Uno, dos, tres.
Rojo, azul, verde.
Every young Spanish speaker learns the words for numbers, colors, and directions before they can even read. The adult students in Georgina Snyders’ Spanish classes got started a little later.
“I can say ‘My name is …’ and ‘I speak Spanish only a little,’” says Maryann Chwalek, a La Honda resident who enrolled in Puente’s Spanish class, taught by Snyders, this fall. Chwalek, a speech language pathologist who works with schoolchildren, helps many young people whose primary language is Spanish. Very often their parents don’t speak much English at all. So she signed up for a beginner Spanish class to gain some competency and comfort around the language.
She also loves languages in general.
“I think it’s nice to help build a bridge to another person by trying to speak their language. It’s nice to put kids at ease a little bit in their language,” adds Chwalek. “I’m just interested in languages. It’s fun.”
Puente began offering Spanish classes in La Honda two years ago, when Program Director Rita Mancera approached Snyders, a native of Chile, about teaching. Until this year, classes were limited to a small group of beginners. But this September, more than a dozen students enrolled in the 12-week class – enough, in fact, that Snyders now teaches two classes, one for beginners and one for intermediate and advanced learners.
Most students are middle aged or older, and most are women. Beginners are likely to have taken some Spanish in school, but not enough to hold a conversation, says Snyders. In these classes, conversing is the ultimate goal.
“We need to speak other languages,” says Snyders. “They are all very good students and most importantly, they have interest for study.”
Snyders is learning something new, too: how to be a teacher. Back in Chile, she was a veterinarian with an advanced degree. Now she lives on a La Honda farm alone with her husband, their fruit trees and the deer that come foraging for apples. She jumped at the chance to teach her “mother tongue” to locals. And she brings her own touches to her classes: pieces of herself, her interests, her culture.
“Sometimes I bring something from Pablo Neruda to read and talk about. Or I speak about archeology or different things,” says Snyders. That would be for the intermediate/advanced class, which will frequently converse about books or movies, or comics in the newspaper. “This is more free because the people need conversation, speaking the Spanish,” Snyders adds.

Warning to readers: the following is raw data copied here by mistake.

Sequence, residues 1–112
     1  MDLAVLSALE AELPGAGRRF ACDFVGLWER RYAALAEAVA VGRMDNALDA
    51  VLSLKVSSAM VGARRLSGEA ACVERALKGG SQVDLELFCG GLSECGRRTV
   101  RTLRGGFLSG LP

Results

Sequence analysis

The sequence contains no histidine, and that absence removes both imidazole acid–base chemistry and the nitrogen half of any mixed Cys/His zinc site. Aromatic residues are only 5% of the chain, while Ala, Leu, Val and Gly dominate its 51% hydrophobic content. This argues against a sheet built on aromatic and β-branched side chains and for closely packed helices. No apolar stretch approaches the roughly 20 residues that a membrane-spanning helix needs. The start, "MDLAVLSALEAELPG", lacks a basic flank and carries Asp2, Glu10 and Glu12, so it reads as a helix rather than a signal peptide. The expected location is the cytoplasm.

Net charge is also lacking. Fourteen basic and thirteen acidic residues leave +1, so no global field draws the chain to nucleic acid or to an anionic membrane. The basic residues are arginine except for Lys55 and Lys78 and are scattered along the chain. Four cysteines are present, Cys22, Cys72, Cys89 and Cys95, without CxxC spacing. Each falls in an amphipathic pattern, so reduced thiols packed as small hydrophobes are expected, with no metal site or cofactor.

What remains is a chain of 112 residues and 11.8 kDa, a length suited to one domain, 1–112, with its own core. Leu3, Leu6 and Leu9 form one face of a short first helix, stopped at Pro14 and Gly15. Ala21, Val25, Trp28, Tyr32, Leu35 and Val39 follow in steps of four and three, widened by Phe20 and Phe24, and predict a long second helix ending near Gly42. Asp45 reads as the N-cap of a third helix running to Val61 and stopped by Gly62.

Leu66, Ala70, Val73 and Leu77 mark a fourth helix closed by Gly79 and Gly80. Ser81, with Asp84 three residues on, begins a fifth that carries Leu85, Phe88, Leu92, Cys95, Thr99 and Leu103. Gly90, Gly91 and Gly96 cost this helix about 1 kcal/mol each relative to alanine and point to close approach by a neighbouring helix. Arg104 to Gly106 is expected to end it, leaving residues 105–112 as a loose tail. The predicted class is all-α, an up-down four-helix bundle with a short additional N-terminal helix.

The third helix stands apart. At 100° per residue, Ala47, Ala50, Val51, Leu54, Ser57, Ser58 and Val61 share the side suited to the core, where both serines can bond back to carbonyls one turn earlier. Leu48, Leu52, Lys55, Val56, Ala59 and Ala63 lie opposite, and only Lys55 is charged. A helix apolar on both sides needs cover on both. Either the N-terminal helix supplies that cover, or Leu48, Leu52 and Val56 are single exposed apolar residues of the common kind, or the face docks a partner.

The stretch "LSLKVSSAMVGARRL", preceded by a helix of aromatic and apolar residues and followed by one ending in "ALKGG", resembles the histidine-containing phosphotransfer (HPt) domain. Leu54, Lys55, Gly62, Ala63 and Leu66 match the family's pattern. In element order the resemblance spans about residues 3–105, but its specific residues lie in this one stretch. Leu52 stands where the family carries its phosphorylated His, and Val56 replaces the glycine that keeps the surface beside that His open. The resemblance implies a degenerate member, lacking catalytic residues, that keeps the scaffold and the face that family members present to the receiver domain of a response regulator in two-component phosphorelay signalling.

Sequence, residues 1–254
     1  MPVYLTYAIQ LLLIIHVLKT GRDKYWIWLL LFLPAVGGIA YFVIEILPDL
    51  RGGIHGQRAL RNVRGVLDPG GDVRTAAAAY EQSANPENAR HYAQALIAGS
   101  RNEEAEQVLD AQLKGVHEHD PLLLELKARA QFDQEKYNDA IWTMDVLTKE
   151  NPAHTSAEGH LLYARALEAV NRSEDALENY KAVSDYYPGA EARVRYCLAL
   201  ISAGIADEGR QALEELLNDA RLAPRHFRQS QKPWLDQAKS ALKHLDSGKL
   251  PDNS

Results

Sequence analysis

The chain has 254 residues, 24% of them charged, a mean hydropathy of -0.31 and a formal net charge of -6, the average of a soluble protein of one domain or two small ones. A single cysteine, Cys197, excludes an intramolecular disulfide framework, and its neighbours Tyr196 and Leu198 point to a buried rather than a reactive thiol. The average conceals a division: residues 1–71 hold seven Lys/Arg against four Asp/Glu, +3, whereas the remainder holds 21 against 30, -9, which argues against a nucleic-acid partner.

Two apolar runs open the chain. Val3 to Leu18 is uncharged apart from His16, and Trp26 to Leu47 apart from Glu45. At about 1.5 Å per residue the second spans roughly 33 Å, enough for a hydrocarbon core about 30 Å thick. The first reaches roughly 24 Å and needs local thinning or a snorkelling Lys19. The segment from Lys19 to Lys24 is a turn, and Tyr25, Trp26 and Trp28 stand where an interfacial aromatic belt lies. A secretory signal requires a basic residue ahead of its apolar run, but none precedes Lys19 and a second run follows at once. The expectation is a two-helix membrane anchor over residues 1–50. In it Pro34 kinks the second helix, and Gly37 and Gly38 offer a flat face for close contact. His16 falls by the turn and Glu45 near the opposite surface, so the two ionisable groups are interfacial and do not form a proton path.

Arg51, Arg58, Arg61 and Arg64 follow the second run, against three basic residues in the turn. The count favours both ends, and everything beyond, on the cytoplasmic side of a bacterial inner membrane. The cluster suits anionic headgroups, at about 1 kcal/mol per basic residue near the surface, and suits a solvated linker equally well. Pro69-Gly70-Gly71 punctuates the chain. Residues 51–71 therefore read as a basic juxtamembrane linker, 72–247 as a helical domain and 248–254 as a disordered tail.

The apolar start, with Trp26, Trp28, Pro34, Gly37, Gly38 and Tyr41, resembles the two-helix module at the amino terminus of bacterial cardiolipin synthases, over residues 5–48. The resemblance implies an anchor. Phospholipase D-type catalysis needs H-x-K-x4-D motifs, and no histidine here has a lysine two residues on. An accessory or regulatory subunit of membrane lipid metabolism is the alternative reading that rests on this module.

Kathleen Dickey enjoys the easy rapport Snyders brings to her intermediate/advanced class. She sometimes gets the words wrong, but never feels foolish. No one is being graded, and it’s okay to make mistakes.
Dickey loves Spanish literature and has taken Spanish classes, on and off, over decades.
But she wanted to deepen her well and feel at ease speaking the language at work. As a hospice volunteer, Dickey is asked to convey sensitive information to Spanish-speaking families. Those conversations are delicate and it’s important to be able to have them without stopping to worry about conjugating verbs, she says.
“There’s a specific vocabulary needed for those kinds of conversations. Sometimes you need to be able to explain what the doctors and nurses are telling them.
I bring my dictionary and look it up, and then I can tell them.
Then, there’s the emotional side, and that’s the same no matter what the language is,” says Dickey.
Both classes will ‘graduate’ in December, and students will receive certificates from Puente. In true Puente fashion, the graduation party will blend students of Spanish and students of English, who have been taking Spanish classes in Pescadero. It’s an opportunity to eat Mexican food and converse.
Snyders will urge her students not to be nervous about talking to strangers. “I say you speak Spanish now, practice!”
To learn more about Puente’s Spanish and English classes, contact Program Director Rita Mancera at (650) 879-1691 ext. 102 or email her.